Courage, Cancer and COVID-19
April 09, 2020 – Carol K Moore
Why People with Cancer are My Guides During a Global Pandemic
April 03, 2020 – Bethany Davis, LSWAIC
Flashbacks of Isolation in the ICU Amidst COVID-19
March 31, 2020 – Erin Sullivan
How Cancer Was an 'Odd Blessing' for One Teen
March 30, 2020 – Katie Vandrilla
More Than A Survivor: Stories of Warriors
March 26, 2020 – Eric Zawacki, BSN, RN, OCN
How a Wig Made Me Love My Baldness
March 25, 2020 – Leslie Absher
Survivor Guilt
March 22, 2020 – Marilyn Munro
Battling Cancer and Social Security
March 19, 2020 – Tammy Summers
The Roulette Wheel of Cancer Medication- Why I Stopped Playing
March 17, 2020 – Felicia Carparelli
The Chronicles of Cancer
March 16, 2020 – Randy Wilson

The Importance of A Routine Checkup

BY Sheri Albert
PUBLISHED January 28, 2020
At 47, I was a perfectly healthy girl, I exercised daily, and had always been compliant to have my annual checkups, which included a routine mammogram and breast ultrasound. My annual visit began with the standard mammogram. My preliminary results showed all clear and I was moved onto the ultrasound room as part of my normal process for me due to breast density.

I couldn't have been more stunned when the radiologist told me the ultrasound showed an area of concern on my left breast and her recommendation would be a biopsy. My life changed forever, August 11, 2017 at 11:45am, as I became "1 in 8 Women " when I got the devastating phone call from my physician that my biopsy and imaging results showed invasive breast cancer with 3 tumors — one dangerously close to my chest wall. I needed to be seen by an Oncologist Surgeon ASAP.

The overwhelming fear and shock immediately set in that I had cancer and didn't even know it. Everything in my life came to a screeching halt as I had a new reality "Cancer didn't Care". The day of my breast cancer diagnosis I had undergone testing of the BRCA Gene along with 28 other gene cancer tests. All came back negative along with my routine lab work. My results were normal. After much discussion with what I like to call my dream team of doctors, the best chance of beating my cancer was to undergo a seven-hour life-saving operation by having a bilateral mastectomy and placement of tissue expanders. breast cancer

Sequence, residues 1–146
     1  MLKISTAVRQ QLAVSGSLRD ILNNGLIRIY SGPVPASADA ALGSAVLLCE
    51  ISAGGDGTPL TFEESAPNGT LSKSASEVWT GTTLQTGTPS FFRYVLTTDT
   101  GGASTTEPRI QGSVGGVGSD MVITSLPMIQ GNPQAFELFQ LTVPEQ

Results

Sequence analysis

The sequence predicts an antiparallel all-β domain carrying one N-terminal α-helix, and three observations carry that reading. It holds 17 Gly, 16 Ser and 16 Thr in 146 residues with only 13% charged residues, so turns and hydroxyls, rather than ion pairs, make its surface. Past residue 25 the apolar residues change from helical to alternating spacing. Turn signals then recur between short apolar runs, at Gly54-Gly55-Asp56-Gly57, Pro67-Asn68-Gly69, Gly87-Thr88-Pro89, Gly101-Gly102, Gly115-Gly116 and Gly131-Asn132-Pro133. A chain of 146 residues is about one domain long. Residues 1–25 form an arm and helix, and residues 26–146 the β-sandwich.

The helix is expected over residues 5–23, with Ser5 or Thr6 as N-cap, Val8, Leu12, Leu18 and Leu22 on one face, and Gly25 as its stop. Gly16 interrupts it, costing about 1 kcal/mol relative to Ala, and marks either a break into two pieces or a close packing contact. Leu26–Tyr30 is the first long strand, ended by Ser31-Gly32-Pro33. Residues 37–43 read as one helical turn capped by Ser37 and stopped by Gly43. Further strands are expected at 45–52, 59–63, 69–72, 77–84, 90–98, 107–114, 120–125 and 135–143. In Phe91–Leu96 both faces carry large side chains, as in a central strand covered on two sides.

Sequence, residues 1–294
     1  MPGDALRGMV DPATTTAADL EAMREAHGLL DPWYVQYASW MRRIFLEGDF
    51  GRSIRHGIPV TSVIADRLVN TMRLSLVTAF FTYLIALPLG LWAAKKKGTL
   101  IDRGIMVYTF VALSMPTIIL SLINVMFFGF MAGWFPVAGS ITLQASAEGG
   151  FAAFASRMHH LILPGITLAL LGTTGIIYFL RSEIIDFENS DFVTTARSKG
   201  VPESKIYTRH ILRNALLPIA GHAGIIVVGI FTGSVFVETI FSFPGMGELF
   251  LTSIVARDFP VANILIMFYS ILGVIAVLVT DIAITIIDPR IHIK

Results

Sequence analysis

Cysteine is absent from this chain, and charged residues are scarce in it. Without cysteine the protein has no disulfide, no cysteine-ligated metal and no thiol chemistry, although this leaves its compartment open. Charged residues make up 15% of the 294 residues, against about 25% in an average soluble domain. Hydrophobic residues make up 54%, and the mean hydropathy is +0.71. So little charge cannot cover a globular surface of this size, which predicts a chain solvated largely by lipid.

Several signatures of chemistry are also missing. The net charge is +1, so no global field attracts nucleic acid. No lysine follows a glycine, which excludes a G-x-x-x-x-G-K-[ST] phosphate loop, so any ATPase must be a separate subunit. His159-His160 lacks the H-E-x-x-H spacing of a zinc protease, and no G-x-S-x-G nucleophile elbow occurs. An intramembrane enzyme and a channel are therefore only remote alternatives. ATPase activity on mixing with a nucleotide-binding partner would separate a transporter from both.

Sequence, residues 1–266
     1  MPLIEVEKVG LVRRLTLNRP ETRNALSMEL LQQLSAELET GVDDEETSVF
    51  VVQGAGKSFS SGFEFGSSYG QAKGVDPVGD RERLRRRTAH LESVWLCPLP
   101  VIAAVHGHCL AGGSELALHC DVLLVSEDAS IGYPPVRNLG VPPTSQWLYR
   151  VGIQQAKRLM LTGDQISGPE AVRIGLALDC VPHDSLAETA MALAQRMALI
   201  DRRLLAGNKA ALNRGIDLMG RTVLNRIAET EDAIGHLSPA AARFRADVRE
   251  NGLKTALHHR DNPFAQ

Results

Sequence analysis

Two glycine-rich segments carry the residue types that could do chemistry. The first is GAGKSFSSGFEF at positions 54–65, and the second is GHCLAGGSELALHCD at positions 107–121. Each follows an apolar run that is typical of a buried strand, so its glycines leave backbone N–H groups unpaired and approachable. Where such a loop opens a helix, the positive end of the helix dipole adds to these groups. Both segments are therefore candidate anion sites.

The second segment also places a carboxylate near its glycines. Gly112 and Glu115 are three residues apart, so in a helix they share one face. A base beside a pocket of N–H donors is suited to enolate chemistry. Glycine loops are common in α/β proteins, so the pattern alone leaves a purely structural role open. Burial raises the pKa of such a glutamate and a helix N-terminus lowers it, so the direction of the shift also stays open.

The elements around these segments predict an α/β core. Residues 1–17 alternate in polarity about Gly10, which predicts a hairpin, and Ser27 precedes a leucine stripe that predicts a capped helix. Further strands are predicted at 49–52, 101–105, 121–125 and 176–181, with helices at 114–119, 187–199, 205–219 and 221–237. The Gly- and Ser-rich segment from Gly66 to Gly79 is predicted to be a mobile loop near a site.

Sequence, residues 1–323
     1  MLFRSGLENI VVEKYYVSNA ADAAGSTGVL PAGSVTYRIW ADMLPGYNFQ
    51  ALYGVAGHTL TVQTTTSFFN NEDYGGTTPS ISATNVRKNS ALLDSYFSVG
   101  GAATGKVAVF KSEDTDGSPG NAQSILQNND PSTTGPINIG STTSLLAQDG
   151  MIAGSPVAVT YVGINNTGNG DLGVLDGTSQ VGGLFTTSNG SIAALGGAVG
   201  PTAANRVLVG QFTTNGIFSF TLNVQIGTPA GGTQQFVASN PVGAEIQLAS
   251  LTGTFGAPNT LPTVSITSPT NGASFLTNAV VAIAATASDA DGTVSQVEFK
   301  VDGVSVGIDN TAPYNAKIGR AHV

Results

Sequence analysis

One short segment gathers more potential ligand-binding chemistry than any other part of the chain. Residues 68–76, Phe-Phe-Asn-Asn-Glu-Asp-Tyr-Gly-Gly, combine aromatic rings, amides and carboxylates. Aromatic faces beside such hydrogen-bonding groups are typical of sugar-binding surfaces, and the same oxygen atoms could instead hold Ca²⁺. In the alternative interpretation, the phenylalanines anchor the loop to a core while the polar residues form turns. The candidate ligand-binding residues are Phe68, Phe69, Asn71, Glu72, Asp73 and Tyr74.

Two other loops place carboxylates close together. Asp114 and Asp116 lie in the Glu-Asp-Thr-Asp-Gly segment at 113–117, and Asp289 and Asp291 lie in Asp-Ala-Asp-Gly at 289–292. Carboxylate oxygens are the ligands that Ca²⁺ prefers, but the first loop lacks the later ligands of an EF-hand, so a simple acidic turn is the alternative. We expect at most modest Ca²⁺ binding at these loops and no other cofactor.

The expanders were used to stretch the skin so I could undergo reconstructive surgery months later. My cancer diagnosis made me realize that there were two roads in life I could choose from, one to be "bitter" or the other road being "hope". I chose the road of "hope". The outlook was good, I was cancer free, as I got married last year, life seem to be getting back to normal.

Until October 2019, when another mass was found on my right breast while doing my own self-examination. I immediately scheduled a visit with my oncologist surgeon, and she ordered an ultrasound right away. The findings from the radiologist, again showed an area of concern as I was told there was a suspicious malignancy and a breast biopsy would be needed. My thoughts immediately went to the fear of another cancer reoccurrence. It was heartbreaking but I knew I was not going down without a fight.

I had three biopsies taken and then I waited. I expected the next few days to be difficult so I tried to keep busy as I would only allow positive thoughts while I continue to remain hopeful. Sooner than expected, the day after my biopsy I received a call from my oncologist surgeon telling me my biopsy results came back negative for cancer— the mass was benign. However, I will need to have another breast ultrasound in six months as we will continue to monitor it. This was the "best news" I felt like I had my life back. Cancer wants you to ignore going to the doctor and not having a routine imaging this way it has more time to spread to your body without you knowing it counting on it being too late by the time it's found.

Please listen to your doctors and get your annual mammogram/breast ultrasound, go for all your routine checkups, do your monthly self-breast exams. I am blessed and grateful to be a two-year survivor. I'm in remission and will continue to be closely monitored staying positive and hopeful. I'm very thankful to my amazing medical team that saved my life. As well as, the unconditional support from my friends, family, and most of all, my husband who's been my rock and supported my decisions every step of the way. 
 
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